Space Disco King Lindstrøm, On Creativity and Fragility

Shawn Reynaldo speaks to the Norwegian outlier as part of his RBMA Radio show, First Floor

Since the early 2000s, Norway’s Hans-Peter Lindstrøm has been perfecting his bright and bouncy combination of disco, pop and prog sounds, but the past few years have seen his solo output slow to a trickle. This month, however, he’s returning with the cooly confident Windings EP, a record which proves that the man hasn’t lost his touch. In this excerpt from his conversation with Shawn Reynaldo on this week’s episode of RBMA Radio’s First Floor, he details what he’s been doing during the past few years and shares this thoughts on the “space disco” tag that’s been following him around for the past decade.

Listen to First Floor on RBMA Radio here every Thursday at 1 PM EDT.

Lin Stensrud

You have this new EP coming out called Windings. Does the title mean anything?

Basically, I was just looking for a title. English is not my first language, so it’s not always about the meaning – it’s more about the sound. As far as I know, “windings” is some sort of technical term for a coil thing, but in my ears it sounds like wind, in a way. I’m more after the feeling that the word is giving me as opposed to what it actually means.

Lindstrøm – Closing Shot

In 2012 you put out two full-length albums, Six Cups of Rebel and Smallhans. Since then, you had the “Home Tonight” single and the collaborative album with Todd Rundgren, but there hasn’t been a whole lot of new Lindstrøm material. What have you been doing for the past few years?

We spent a lot of time on the Todd Rundgren collaboration. I don’t know if you heard it, but those who have heard it would probably agree with me that it’s kind of a complicated piece of music. It’s not just something you make in a day or two. We spent a year or two, maybe even three years, finishing that thing. To be honest, I was actually going to make some kind of EP or album with vocals – something maybe in the style of the “Home Tonight” track with Grace Hall – but I wasn’t really happy with how it turned out. I scrapped everything and started again. That’s basically how I started doing the Windings EP. So, I’ve been working, but I don’t want to release something if I’m not 100% happy with it.

When I listen to the new EP, it sounds really comfortable and confident. The songs have a simplicity to them. Did they come easily when you were making them?

The new EP was the start of something – that I’m actually feeling comfortable working with music again. I think I’ve been kind of tired of music and haven’t really been listening to a lot of music for the past year. I’ve been watching a lot of movies and trying to get inspiration from other things, but I’m actually really inspired now. I’m pretty sure that it won’t be too long before I do another EP or album. I would rather wait until I’m ready.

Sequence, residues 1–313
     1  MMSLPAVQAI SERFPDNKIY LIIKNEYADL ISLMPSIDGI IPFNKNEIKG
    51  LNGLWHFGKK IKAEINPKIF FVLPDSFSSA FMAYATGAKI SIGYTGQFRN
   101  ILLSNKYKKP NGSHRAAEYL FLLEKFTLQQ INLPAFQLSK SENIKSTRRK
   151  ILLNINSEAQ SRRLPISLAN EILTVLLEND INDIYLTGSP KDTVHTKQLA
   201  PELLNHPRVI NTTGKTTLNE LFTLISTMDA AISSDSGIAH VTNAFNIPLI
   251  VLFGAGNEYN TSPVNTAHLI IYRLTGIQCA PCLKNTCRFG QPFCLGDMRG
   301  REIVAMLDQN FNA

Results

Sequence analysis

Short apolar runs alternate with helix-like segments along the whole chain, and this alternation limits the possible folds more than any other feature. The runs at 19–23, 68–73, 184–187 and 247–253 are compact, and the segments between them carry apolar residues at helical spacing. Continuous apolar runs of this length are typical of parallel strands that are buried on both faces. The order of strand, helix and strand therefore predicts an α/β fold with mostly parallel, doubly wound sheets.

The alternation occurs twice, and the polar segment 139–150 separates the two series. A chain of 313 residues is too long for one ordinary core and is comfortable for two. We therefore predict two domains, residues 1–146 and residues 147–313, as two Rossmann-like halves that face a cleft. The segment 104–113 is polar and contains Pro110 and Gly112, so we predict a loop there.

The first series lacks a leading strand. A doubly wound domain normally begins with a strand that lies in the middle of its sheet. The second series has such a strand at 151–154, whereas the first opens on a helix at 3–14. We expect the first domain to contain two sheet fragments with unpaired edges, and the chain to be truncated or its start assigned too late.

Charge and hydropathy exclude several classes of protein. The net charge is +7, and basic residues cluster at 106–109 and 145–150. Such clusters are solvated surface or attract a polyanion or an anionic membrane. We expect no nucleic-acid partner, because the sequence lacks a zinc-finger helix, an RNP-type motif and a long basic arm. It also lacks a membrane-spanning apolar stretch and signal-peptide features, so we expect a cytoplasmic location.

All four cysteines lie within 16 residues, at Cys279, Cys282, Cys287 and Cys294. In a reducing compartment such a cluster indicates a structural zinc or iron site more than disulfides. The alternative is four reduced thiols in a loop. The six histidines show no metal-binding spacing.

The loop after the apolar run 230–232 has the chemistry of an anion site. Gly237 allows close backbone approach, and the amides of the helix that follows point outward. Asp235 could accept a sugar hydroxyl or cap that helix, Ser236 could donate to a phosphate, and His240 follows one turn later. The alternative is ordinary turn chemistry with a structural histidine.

Lin Stensrud

You’ve been making music for over a decade now, and people, for a really long time, have tagged your music as “space disco.” Even in the announcement of this EP, I saw it labelled you as “space disco king Lindstrøm.” How do you feel after all these years being labelled under that umbrella?

I’m okay with it. I was maybe more unhappy about that in the beginning, or a few years after people were labelling me that way, but I don’t really care how people label my music or my style. I realize that’s the thing that people like you really need when talking or writing about music.

Lindstrøm – I Feel Space

So, from this “space disco scene,” the big names still are you, Prins Thomas and Todd Terje. What’s the relationship between you guys like? I think people might have the idea that you’re all hanging out together and trading songs and collaborating, but is it like that?

I’ve known those guys for 10 years or so. We are basically still sharing the same studio – or at least the same floor, in the same building, with separate rooms. We can knock on each other’s doors at any time. To be honest, I don’t really listen to either Todd Terje or Prins Thomas’s music. I don’t really listen to electronic music at all. When I listen to that kind of music, especially music that is kind of similar to what I’m doing myself, I end up getting too inspired, in a way. I’m like a swamp – absorbing all those musical ideas I hear. What I’ve been doing for the last year or two, especially while making this EP, is trying to listen to music that’s as far away from what I’m doing as possible. I ended up listening to Henry Purcell, Edvard Grieg, Vivaldi – classical music, basically. I really respect Prins Thomas and Todd Terje, but I don’t listen to their music. I shouldn’t do it. I’m too fragile. I’ll just absorb all their ideas into my own music.

By Shawn Reynaldo on July 6, 2016